Cervical cancer screening among HIV-infected women in an urban, United States safety-net healthcare system

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Abstract

Objective:

Little is known about cervical cancer screening and results patterns among HIV-infected (HIV+) women in real-world healthcare settings. We characterized two periods of screening opportunity.

Design:

Retrospective cohort.

Setting:

US safety-net healthcare system in Dallas County, Texas.

Participants:

We analyzed data from electronic medical records (EMR) of 1490 HIV+ women receiving care 2010–2014.

Main outcome measures:

At baseline, we categorized a woman's Pap status 15 months prior to index date as under-screened (vs. screened), and cytology result (normal vs. abnormal). Then, we examined screening completion and results, and colposcopy uptake and results after an abnormal screen, in the subsequent 15-month period.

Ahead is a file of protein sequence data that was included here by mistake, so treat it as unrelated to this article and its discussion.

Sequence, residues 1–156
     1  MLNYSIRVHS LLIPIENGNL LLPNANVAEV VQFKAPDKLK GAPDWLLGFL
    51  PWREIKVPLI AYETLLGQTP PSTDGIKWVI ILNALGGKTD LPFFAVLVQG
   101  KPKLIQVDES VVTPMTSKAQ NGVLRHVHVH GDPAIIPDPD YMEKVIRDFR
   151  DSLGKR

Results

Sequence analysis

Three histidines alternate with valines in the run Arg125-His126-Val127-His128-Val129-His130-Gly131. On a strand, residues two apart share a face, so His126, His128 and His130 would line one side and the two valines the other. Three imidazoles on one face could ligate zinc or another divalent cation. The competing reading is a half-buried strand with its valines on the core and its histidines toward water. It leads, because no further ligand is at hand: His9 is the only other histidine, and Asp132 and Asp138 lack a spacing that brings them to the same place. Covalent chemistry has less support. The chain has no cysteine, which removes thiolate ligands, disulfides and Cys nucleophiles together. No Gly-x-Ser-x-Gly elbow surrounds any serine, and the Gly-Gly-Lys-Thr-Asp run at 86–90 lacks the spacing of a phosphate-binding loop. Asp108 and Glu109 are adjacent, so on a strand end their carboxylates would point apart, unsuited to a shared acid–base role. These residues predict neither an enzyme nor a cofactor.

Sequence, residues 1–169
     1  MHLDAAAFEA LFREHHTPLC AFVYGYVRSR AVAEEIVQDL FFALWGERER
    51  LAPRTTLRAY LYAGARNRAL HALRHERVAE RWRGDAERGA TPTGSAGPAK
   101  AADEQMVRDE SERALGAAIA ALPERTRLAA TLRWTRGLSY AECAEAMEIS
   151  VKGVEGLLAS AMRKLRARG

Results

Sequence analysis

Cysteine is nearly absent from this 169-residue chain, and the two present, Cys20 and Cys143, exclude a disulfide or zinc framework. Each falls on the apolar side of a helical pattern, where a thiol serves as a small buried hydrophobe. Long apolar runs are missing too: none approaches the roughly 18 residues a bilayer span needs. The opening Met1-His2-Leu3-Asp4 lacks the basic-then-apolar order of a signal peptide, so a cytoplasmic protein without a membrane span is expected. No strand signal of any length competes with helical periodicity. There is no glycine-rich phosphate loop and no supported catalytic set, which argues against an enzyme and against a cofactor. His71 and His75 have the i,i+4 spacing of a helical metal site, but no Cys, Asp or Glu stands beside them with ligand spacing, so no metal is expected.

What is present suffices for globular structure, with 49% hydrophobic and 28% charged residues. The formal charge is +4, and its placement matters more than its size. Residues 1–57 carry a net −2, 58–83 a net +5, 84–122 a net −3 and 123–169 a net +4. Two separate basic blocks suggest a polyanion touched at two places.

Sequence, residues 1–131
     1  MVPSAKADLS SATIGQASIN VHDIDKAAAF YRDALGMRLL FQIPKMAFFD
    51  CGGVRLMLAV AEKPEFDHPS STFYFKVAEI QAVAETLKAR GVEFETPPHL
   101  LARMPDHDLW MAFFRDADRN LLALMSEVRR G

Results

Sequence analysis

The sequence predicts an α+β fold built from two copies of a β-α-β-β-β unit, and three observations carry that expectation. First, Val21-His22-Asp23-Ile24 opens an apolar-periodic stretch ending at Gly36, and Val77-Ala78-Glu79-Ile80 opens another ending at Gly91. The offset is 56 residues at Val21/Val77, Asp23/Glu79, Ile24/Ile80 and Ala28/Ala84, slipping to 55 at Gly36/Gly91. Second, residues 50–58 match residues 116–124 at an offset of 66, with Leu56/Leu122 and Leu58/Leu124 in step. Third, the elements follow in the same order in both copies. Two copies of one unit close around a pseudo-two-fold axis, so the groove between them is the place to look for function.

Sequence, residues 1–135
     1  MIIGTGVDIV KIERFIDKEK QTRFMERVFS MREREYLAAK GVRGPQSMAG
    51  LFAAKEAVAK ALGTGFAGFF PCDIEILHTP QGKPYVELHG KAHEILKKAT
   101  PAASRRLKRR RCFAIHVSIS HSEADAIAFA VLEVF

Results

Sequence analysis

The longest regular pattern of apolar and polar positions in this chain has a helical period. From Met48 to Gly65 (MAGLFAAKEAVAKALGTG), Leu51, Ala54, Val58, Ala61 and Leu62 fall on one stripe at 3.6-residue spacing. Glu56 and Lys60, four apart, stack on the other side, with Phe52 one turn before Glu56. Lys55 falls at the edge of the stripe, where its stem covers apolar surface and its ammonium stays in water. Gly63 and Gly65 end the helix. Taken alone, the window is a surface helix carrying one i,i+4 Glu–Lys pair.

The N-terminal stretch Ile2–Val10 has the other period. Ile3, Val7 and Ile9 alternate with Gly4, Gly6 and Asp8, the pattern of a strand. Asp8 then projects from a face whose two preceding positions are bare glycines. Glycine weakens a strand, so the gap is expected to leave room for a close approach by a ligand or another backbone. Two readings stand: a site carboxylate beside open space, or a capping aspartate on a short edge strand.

Results:

More than half of women (56%) had no evidence of a Pap test (i.e. under-screened) at baseline. Under-screened women were more likely to be older (50–64 years), have diabetes, and unknown viral load; they were less likely to be Black, Hispanic, have Medicaid, recently pregnant, have a HIV clinic visit, or a CD4+ cell count at least 200 cells/μl. Nearly half of under-screened women (46%, n = 383) remained under-screened in the subsequent 15 months. Among women under-screened at baseline who later completed screening and follow-up during the study period, 21 high-grade dysplasia and three cancers were diagnosed. Overall, 40% of women did not receive colposcopy when needed, with most failures to follow-up occurring in women who were under-screened at baseline.

Conclusion:

Most HIV+ women receiving care in a safety-net system did not receive sufficient screening for cervical cancer and remained at exceptionally high risk of developing high-grade dysplasia.

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